All images WWD.com
Albar Elbaz certainly knows how to put on a show. His Spring 2010 RTW show was both a celebration of austere elegance and a comment on the modern woman.
Elbaz claims that his show was inspired by his customers: high-powered women who run the world by day, but "collapse" when they come home. His collection was asymmetrical, often with one shoulder or limb bared, despite the protective envelope of the rest of the garment, often broad swaths of cloth barely controlled by pleating and draping. None of the silhouettes in this collection were new: tulip skirts, kimono-style dresses, jumpsuits, broad shoulders. We've seen these before. However, Elbaz has repackaged them in an intelligent concept. His emphasis was on the horizontal: each outfit came with a belt. By bisecting his modern women, he showed how her intellectual and sexual sides were, by unfortunate necessity, separate, but had every chance of forming a beautiful whole.
The materials used were, of course, stunning. According to style.com, Elbaz used polyester for the incredible jumpsuits and invented a new way of quilting. Some dresses had a chiffon over-layer. There were several leather dresses--a material tough but pliant, again, a comment on his customer--that showed lots of originality and lots and lots of sequins. In addition, the show had some interesting styling choices: there were several transparent tops (a remark on vulnerability?), and dresses layered over each other, creating a remarkable whole.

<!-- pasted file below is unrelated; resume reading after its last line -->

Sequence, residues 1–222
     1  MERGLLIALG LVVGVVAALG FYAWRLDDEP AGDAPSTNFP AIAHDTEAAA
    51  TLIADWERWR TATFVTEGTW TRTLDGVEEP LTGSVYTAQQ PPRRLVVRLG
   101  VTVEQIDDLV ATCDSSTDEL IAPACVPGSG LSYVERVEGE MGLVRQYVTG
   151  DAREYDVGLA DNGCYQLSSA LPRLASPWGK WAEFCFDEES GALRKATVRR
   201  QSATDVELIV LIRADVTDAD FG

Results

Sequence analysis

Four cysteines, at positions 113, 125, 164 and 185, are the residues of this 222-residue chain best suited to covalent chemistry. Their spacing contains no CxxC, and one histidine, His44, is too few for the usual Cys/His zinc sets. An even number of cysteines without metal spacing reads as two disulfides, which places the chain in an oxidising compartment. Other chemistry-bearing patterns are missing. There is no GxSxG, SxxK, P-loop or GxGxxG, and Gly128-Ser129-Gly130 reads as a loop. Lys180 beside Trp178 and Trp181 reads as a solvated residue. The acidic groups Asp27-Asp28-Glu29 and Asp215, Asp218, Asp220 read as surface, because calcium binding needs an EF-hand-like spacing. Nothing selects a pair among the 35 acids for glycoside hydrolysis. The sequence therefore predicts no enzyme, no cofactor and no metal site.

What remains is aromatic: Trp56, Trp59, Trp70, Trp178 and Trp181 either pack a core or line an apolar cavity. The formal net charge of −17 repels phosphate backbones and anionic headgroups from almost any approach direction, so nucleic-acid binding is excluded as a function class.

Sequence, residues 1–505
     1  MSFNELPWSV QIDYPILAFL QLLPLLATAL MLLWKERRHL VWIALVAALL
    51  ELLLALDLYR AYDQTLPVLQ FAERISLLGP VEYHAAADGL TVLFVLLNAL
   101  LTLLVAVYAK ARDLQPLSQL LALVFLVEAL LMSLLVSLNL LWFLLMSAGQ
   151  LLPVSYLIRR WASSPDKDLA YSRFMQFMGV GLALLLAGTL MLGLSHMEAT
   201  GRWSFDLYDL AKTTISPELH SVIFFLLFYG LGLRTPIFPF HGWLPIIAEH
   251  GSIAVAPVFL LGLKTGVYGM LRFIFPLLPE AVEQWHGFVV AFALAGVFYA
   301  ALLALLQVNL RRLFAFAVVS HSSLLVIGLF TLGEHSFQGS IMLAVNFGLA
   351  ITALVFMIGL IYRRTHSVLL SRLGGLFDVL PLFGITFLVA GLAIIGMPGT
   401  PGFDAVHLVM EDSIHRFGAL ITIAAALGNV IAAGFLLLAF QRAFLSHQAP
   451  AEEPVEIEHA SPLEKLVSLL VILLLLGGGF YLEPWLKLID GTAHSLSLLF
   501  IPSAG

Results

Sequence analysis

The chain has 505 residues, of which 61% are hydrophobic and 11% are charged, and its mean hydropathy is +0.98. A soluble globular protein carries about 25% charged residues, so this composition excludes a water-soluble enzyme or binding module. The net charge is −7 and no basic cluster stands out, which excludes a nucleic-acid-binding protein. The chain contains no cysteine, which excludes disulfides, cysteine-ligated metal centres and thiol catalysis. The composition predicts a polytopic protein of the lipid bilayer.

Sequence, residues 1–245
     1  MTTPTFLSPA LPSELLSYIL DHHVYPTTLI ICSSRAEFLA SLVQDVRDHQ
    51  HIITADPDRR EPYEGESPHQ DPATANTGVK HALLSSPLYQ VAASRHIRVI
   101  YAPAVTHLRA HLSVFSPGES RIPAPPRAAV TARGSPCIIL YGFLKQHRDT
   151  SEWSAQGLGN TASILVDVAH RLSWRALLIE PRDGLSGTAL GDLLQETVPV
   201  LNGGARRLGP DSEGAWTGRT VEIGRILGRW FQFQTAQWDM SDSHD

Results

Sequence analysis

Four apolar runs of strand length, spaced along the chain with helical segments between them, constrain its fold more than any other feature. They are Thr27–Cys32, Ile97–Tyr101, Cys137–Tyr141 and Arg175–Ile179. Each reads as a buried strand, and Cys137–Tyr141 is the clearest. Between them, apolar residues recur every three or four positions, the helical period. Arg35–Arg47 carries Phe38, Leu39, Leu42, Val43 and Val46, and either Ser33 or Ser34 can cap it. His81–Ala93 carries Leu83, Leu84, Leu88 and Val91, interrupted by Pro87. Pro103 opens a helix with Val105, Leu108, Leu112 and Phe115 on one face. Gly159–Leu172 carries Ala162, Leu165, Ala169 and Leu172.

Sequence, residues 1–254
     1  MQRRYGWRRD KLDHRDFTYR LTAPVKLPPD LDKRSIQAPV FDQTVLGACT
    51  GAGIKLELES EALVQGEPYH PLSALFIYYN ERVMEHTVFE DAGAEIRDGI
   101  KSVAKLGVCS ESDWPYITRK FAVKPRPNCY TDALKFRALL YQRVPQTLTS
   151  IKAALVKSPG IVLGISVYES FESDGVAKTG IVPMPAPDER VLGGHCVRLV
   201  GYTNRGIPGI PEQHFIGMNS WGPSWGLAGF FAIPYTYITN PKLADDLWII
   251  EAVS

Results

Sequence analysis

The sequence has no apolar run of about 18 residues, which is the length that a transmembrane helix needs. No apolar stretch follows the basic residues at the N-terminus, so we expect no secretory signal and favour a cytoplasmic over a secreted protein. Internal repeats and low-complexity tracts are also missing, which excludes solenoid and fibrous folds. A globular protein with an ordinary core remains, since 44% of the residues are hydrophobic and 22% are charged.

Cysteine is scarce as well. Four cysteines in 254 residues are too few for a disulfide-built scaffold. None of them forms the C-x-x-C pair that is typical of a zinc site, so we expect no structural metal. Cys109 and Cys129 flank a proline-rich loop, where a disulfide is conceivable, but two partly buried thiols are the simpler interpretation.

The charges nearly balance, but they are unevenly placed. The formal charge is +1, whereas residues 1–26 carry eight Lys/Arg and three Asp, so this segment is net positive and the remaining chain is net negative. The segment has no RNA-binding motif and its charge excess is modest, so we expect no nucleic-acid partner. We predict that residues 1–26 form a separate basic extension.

A lot of the Spring 2010 RTW shows have been beating us over the head with nostalgia, like crazy neoconservatives and a recession couldn't have told us that the 80s were back. Elbaz's collection shows the mark of a great designer: he's taken several shapes that, in many lesser hands were tired and gleefully frumpy, and injected a much-needed shot of intelligence and grace.